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Should we fear a major credit accident?

There is a split in opinion on credit exposure as bond markets grapple with the normalisation of monetary policy.

Should we fear a major credit accident?

In the first week of February a number of firms came forward to say they were reducing credit exposure due to concerns over a liquidity squeeze. 

This was prompted by worries over future interest rate rises, while the general complacency after markets recovered some of their losses in January, was another cause for unease. 

Seven Investment Management, Brooks MacDonald and Ruffer were among those warning of a growing bond risk. 

However, feelings across the industry are far from uniform.

Despite a certain sense of caution, there is no apparent alarm among wealth and asset managers, with some adopting a more wait-and-see approach while others dismissing such fears altogether.

Watchful but not panicking

Thomas Wacker, head of credit at UBS’s wealth division, said the increasing risks are not high enough to take immediate underweight positions, although he finds the current environment to be one where outperforming means avoiding the blow ups.

This is likely why last year the firm advised its clients not to take any extra credit exposure.

The strategic position of a UBS global balanced diversified portfolio has a 5% allocation to high yield credit and 6% to emerging market bonds at the higher end of the risk spectrum.

‘The big points for us are concerns over illiquidity,’ Wacker said. ‘There is much talk about a recession next year, and credit is an asset class that falls earlier than equities, so we are cautious. It’s not only about more defaults, but selling pressure facing illiquidity that could trigger spread spikes.’



Being underweight the asset class relative to its strategic asset allocations since the beginning of 2018, Brewin Dolphin is taking a calmer approach.

Fund research analyst Shakhista Mukhamedova (pictured above) said the decision was driven by both valuations and fundamentals.

Rising inflation expectations, central banks unexpectedly turning hawkish or market perception that they are behind the curve would send bond prices tumbling, she explained.

‘From the credit risk perspective, a deterioration in capital markets conditions could tip bonds’ total returns into negative territory.’

She believes it’s unlikely there will be a similar trigger to what happened during the global financial crisis.

‘The shock this time could come from the companies being unable to pass on wage growth costs to the consumer and having to absorb the higher labour costs depressing their bottom line. The leverage then would become harder to maintain.’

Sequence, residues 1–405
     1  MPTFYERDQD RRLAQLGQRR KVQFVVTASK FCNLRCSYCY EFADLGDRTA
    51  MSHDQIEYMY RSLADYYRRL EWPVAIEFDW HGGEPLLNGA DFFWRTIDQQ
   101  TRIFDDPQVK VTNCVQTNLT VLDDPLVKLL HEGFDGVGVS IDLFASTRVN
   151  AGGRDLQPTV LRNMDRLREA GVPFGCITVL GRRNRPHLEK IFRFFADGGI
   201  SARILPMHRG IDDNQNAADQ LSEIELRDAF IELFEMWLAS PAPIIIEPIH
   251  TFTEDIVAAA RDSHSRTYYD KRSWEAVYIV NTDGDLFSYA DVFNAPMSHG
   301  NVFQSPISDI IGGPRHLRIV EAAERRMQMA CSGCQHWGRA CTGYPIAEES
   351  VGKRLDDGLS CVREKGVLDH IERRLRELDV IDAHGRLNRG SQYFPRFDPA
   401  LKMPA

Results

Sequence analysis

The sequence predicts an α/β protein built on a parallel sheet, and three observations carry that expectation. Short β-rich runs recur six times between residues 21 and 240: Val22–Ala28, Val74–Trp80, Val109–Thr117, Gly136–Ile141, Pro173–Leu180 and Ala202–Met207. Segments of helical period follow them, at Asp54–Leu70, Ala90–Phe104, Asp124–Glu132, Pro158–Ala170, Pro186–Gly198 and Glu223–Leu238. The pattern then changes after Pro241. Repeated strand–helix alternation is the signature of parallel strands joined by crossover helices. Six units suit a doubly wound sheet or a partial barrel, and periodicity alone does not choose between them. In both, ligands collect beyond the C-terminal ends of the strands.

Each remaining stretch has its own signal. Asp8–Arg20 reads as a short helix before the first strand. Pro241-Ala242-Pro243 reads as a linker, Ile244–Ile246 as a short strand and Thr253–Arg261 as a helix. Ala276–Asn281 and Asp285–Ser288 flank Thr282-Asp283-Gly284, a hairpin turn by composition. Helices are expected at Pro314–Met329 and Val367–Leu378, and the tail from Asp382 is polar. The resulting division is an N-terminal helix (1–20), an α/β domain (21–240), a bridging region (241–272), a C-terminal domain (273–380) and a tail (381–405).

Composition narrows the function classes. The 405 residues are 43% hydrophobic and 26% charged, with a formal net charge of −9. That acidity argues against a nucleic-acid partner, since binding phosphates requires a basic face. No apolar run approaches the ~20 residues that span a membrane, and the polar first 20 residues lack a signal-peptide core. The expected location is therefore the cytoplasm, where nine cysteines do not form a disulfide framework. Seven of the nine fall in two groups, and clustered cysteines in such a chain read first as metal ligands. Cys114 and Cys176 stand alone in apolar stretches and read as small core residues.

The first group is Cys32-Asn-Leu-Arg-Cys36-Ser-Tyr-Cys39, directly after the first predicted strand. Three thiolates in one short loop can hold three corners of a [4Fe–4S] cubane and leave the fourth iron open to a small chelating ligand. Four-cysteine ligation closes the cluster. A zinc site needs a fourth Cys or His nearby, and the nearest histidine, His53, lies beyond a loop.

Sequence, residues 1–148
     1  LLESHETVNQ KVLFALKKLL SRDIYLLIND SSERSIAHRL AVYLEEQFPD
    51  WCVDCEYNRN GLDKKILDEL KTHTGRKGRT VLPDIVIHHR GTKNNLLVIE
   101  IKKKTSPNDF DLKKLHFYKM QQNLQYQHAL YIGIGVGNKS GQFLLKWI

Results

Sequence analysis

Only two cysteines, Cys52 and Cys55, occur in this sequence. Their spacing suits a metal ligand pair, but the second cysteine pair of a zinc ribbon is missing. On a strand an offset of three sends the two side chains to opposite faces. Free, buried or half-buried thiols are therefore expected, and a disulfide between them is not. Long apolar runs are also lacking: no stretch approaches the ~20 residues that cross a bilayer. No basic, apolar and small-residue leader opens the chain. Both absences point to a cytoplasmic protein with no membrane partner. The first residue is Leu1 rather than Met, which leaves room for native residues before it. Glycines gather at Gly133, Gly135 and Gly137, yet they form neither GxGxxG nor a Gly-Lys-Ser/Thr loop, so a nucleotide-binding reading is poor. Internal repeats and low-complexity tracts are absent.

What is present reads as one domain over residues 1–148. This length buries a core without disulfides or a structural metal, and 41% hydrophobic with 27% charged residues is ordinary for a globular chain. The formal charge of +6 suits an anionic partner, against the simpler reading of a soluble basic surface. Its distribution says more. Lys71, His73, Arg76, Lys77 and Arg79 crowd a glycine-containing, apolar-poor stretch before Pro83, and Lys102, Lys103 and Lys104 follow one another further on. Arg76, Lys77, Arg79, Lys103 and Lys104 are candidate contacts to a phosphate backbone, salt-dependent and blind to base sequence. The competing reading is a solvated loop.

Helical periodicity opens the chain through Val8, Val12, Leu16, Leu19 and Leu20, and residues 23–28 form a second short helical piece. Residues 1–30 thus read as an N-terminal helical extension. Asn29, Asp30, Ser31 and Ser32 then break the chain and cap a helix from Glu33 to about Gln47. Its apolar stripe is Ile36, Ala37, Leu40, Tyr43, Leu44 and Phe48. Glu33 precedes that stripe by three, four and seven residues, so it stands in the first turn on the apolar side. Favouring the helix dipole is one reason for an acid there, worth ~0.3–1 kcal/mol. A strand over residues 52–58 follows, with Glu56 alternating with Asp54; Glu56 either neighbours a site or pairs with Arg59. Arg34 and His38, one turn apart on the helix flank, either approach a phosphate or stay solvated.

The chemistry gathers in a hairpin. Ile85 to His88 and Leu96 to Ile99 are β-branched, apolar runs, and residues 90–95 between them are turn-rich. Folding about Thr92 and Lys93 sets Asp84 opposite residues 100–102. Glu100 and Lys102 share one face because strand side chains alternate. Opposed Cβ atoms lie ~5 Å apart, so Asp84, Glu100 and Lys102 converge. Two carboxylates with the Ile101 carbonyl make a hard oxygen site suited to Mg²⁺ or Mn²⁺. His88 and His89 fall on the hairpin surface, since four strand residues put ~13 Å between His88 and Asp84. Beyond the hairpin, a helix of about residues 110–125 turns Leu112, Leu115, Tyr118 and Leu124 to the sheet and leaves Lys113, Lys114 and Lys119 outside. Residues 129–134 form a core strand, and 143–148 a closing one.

A multi-asset point of view

Views among multi-asset managers are also divided. Citywire + rated Daniel Lockyer, who manages the Hawksmoor Vanbrugh, Hawksmoor Distribution and Hawksmoor Global Opportunities funds, said he has held a guarded stance for several years.

But others, such as Citywire A-rated Jeroen Blokland (pictured below) of the Robeco multi-asset One and Pension Return Portfolio funds, are more relaxed.



Blokland’s portfolios now have some 30% in credit and 45% in equities, but zero government bond positions.

Although it can be hard to predict the odd business going under, he said he spots no discernible default trend in Europe or the US. He has shifted his government bond exposure to credit and some eurozone positions to the US.

Lockyer (pictured below), on the other hand, refuses to view the ‘extraordinary environment’ of the past decade as normal. And he believes the increased use of exchange-traded funds (ETFs) and other passive solutions in bond markets is a concern that could send bond prices tumbling.



To avoid ensuing threats, he safeguards his portfolios by investing in the asset class through certain investment trusts that are accessing parts of the bond market that traditional open-ended funds cannot.  

‘These include secured or asset-backed loans such as those linked to infrastructure projects or property assets.

'Most of the funds’ bond exposure has little duration to mitigate against the risk of rising interest rates, and we have broadened our exposure into global areas such as emerging market debt or US Treasury inflation-protected securities,’ he said.

Currently, Hawksmoor Vanbrugh, which usually has at least 30% cash and bond exposure, now stands at 34.2%, of which 7% is cash. The Distribution and Global Opportunities funds, with no constraints in the asset class, have 32.7% (5.5% cash) and 10.7%, (2.5% cash), respectively.

Elsewhere, Michel Perera, chief investment officer at Canaccord Genuity, dismissed the calamity concerns and said that despite slower economic growth, he finds fears of a US recession in the next 24 months exaggerated.

Fixed income exposure in a Canaccord average balanced portfolio currently stands at 21%, the lowest level in a while, but this is due to the firm’s dislike of government bonds, Perera said.

‘We don’t have government bonds now, because even if we go into a recession, we won’t get a good return on them,’ he said.

‘If we feared a credit accident, we would firstly sell equities, because the risk is much higher. Then we would sell corporate credit and we would reinvest it in government bonds.

‘We would go a lot into cash and sell credit, but equities would go first.’  

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